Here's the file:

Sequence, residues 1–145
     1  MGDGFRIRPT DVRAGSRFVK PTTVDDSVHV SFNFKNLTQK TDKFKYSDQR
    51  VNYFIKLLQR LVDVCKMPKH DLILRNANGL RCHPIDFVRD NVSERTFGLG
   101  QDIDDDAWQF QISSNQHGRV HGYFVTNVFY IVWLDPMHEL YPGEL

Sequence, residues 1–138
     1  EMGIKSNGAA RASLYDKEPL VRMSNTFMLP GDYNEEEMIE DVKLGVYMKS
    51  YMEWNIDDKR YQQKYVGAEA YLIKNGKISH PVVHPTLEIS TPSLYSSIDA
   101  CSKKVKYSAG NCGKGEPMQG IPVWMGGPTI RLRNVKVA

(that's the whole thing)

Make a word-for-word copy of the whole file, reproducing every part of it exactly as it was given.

Sequence, residues 1–145
     1  MGDGFRIRPT DVRAGSRFVK PTTVDDSVHV SFNFKNLTQK TDKFKYSDQR
    51  VNYFIKLLQR LVDVCKMPKH DLILRNANGL RCHPIDFVRD NVSERTFGLG
   101  QDIDDDAWQF QISSNQHGRV HGYFVTNVFY IVWLDPMHEL YPGEL

Sequence, residues 1–138
     1  EMGIKSNGAA RASLYDKEPL VRMSNTFMLP GDYNEEEMIE DVKLGVYMKS
    51  YMEWNIDDKR YQQKYVGAEA YLIKNGKISH PVVHPTLEIS TPSLYSSIDA
   101  CSKKVKYSAG NCGKGEPMQG IPVWMGGPTI RLRNVKVA